Get Your Manuscript Past the Gatekeeper #2: Uneven Narrative Flow

 

Get past the gatekeeper

Hi! I’m still feeling pink. So pink is me!

Today we’re going to talk about something almost everyone needs to deal with. This is one of those topics that has to do with “art”. Writing a novel isn’t about just slapping words on a page. You need to create a scene and inject mood with only words.  Let’s looks at this a bit…

Read-hold up PKO_0016876Based on personal experience as a first-reader intern for a literary agency, I’m sharing what can get your manuscript past the gatekeeper (the intern!) and into the hands of the agent.

My First Reader Notes on Uneven Narrative Flow :

“The manuscript needs a careful eye to look for run-on sentences. Many sentences could also be re-arranged to smooth out the narrative flow by moving the end to the beginning and vice versa. And the writer needs to vary sentence type. This manuscript is filled with chunks of punchy, short sentences (making for a “jabby” read) and then chunks of long sentences. Overall, it was clunky to read.”

Is your prose “jabby?” Do you notice that you have too many punchy sentences in a row? Look to intermix them with longer sentences to give the reader a chance to breathe.

This might be hard for some people to pick out. In general, don’t use a lot of short and choppy unless you are trying to heighten the speed/action/ or tenseness of a story. Long sentences slow things down.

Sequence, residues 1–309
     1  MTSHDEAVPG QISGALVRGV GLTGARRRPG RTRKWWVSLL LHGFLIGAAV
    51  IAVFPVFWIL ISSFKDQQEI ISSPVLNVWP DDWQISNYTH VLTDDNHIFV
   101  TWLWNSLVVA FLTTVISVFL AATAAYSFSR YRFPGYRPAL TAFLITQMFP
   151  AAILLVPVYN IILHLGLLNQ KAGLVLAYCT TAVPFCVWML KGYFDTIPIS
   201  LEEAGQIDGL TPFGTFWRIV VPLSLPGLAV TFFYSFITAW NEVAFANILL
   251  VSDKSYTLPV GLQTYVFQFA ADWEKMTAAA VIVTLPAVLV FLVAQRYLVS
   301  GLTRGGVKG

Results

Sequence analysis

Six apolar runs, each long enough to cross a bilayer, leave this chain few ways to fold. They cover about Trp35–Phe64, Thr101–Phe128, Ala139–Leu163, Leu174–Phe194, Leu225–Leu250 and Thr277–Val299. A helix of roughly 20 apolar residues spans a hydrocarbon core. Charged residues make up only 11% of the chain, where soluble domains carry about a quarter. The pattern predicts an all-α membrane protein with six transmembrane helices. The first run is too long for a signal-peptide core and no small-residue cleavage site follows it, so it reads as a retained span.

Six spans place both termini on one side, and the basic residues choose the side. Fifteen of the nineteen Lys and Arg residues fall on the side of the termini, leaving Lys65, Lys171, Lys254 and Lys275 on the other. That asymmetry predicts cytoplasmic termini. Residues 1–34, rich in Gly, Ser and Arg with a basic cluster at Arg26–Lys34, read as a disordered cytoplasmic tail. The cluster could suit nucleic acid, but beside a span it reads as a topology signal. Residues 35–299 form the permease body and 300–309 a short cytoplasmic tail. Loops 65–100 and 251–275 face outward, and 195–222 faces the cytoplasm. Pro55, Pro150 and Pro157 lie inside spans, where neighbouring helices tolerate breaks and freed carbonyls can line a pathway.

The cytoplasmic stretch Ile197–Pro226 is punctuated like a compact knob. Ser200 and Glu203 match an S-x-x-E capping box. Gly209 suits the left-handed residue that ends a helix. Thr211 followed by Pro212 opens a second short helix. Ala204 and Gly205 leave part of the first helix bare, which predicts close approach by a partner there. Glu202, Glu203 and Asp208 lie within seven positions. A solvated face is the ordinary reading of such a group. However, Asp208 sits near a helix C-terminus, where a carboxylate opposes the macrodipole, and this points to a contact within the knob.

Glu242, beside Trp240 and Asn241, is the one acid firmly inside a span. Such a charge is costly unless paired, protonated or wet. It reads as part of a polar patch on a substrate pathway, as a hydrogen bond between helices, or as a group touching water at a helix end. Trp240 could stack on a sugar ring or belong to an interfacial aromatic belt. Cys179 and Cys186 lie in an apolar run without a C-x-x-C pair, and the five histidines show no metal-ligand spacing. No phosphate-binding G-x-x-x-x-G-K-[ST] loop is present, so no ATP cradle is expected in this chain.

In general paragraphs, you should switch up a lot between long and short sentences. There are some programs out there that will scan your manuscripts to tell you when there are too many long and/or to many short sentences.  You can use these to help you spot them until you are comfortable enough to “feel” the sentence structure on your own.

Sound good?

Now go and rock those sentences!

Don’t forget, Donna will be popping in to answer questions. This is a rare opportunity to ask someone that’s been inside the trenches, so please take advantage while I have her all tied up graciously offering her assistance for the good of all.

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About Donna: Donna Galanti is the author of A Human Element and A Hidden Element (Imajin Books), the first two award-winning, bestselling books in the paranormal suspense Element Trilogy, and the middle grade fantasy adventure series Joshua and The Lightning Road (Month9Books). Donna is a contributing editor to International Thriller Writers the Big Thrill magazine and blogs at Project Mayhem. She lives in Pennsylvania with her family in an old farmhouse. Visit her at www.donnagalanti.com.

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About Joshua and the Lightning Road:

Twelve-year-old Joshua Cooper learns the hard way that lightning never strikes by chance when a bolt strikes his house and whisks away his best friend—possibly forever. To get him back, Joshua must travel the Lightning Road to a dark world where stolen human kids are work slaves ruled by the frustrated heirs of the Greek Olympians who come to see Joshua as the hero prophesied to restore their lost powers. New friends come to Joshua’s aid and while battling beasts and bandits and fending off the Child Collector, Joshua’s mission quickly becomes more than a search for his friend—it becomes the battle of his life.

 

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2 responses to “Get Your Manuscript Past the Gatekeeper #2: Uneven Narrative Flow

  1. … and what a luvverly shade of pink it is. 😀